The team will look for Waynes to create more turnovers. He only has seven career interceptions.

Waynes signed at three-year, $42 million deal at the beginning of free agency. He has been pleased with the moves the team has made this offseason, but frustration looms since he hasn’t finalized his contract due to the NFL’s safety protocols.

The NFL isn’t letting players into team facilities as part of their COVID-19 restrictions. The Bengals aren’t allowing players to undergo their physical at a private practice, which is the route a lot of other NFL teams have chosen as well.

As of right now, teams are scheduled to report for training camp on July 28, which could be the day Waynes undergoes a physical at Paul Brown Stadium and finalizes his contract.

Mackensie Alexander – 5’10”, 192 pounds

With the departure of Darqueze Dennard, Alexander will takeover as the starting nickel cornerback.

Alexander signed a one-year, $4 million deal with the team this offseason and may end up being the biggest steal of the Bengals’ free agency class.

Speed, superb ball skills, and a sure-tackler are all traits Alexander brings to the secondary. According to PFF, he had zero missed tackles and was the only cornerback in the league to play 500 or more snaps and not miss a tackle.

Alexander finished his 2019 season with 38 tackles and one interception. He has the ideal size for a slot corner. He has all the traits the Bengals like and if he plays well this season, he’s another guy that could stick around long-term.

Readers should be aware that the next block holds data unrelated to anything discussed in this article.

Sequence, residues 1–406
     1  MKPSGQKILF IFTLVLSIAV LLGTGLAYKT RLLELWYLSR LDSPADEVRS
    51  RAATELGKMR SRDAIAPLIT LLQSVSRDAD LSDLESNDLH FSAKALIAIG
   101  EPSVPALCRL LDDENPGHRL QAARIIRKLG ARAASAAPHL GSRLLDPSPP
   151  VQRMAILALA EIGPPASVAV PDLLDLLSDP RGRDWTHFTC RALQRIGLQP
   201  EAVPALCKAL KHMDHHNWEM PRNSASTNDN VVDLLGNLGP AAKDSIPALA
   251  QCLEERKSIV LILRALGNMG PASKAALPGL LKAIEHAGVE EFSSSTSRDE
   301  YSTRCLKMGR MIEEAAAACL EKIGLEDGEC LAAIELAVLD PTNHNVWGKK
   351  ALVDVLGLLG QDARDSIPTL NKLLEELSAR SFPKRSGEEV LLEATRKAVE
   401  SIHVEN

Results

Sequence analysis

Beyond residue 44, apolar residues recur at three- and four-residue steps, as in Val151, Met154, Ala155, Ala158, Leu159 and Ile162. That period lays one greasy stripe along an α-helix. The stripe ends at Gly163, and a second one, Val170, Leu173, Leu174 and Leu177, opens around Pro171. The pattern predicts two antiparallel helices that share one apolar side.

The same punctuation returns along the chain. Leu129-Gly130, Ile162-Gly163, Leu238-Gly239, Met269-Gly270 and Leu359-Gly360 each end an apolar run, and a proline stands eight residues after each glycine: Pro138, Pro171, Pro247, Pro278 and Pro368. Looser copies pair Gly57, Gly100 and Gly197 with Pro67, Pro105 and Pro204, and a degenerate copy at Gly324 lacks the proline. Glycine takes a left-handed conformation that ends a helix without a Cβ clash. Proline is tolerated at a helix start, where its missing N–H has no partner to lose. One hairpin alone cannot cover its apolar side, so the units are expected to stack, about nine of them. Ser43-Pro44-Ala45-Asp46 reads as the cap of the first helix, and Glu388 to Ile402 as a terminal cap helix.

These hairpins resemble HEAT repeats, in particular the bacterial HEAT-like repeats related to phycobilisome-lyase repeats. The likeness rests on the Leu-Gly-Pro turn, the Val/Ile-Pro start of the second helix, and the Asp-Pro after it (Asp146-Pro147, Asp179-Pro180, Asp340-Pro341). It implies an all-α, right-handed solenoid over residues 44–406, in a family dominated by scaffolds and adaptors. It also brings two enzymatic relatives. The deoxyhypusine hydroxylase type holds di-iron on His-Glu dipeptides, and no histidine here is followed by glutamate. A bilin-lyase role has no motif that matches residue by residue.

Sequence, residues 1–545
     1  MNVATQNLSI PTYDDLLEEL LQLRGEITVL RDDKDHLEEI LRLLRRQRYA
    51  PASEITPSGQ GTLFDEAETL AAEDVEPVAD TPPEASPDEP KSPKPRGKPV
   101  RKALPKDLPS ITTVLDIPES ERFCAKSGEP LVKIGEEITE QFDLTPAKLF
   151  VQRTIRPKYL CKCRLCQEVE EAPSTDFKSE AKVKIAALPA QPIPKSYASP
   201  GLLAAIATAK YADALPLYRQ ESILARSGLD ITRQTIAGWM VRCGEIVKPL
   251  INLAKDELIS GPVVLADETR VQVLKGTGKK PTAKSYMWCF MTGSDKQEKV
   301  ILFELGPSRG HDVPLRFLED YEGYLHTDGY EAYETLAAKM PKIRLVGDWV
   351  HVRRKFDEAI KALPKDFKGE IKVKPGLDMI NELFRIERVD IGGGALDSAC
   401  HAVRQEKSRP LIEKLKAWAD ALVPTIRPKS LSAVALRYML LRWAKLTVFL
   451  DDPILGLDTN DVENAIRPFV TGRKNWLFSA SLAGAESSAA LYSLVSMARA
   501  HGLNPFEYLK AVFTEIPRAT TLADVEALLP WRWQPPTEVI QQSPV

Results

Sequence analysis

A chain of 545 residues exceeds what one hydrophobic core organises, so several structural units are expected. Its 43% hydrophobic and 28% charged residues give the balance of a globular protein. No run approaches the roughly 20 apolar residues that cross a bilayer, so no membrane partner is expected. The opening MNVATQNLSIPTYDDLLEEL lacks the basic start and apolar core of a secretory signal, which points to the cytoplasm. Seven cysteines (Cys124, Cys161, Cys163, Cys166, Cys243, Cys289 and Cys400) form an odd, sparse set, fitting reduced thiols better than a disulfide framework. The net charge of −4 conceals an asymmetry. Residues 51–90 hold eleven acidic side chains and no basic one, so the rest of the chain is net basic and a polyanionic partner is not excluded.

Darius Phillips – 5’10”, 190 pounds

Phillips led the team with four interceptions last season while only playing in eight games. After a knee injury in Buffalo, he landed on injured reserve and was designated to return in the second half of the season.

Phillips’ emergence could continue. He’s a sleeper pick to be one of the Bengals’ breakout players in 2020. Phillips has 27 tackles, one forced fumble, and nine passes defended in 23 games.

His role in the secondary will likely increase and he’ll continue to have a big role on special teams.

Phillips is currently listed as the number one kick returner on the Bengals depth chart. He split time with Alex Erickson returning kicks in 2019. Phillips had a 92-yard touchdown return against Buffalo, but it was nullified by a controversial holding call.

Although Phillips has not seen much time returning the ball in the NFL, his return abilities are a big reason why the Bengals selected him in the fifth-round of the 2018 NFL Draft. While at Western Michigan, Phillips set a FBS career record with 12 returns for touchdown and ranks sixth in FBS history with 3,145 career kickoff return yards.

LeShaun Sims – 6’0”, 203 pounds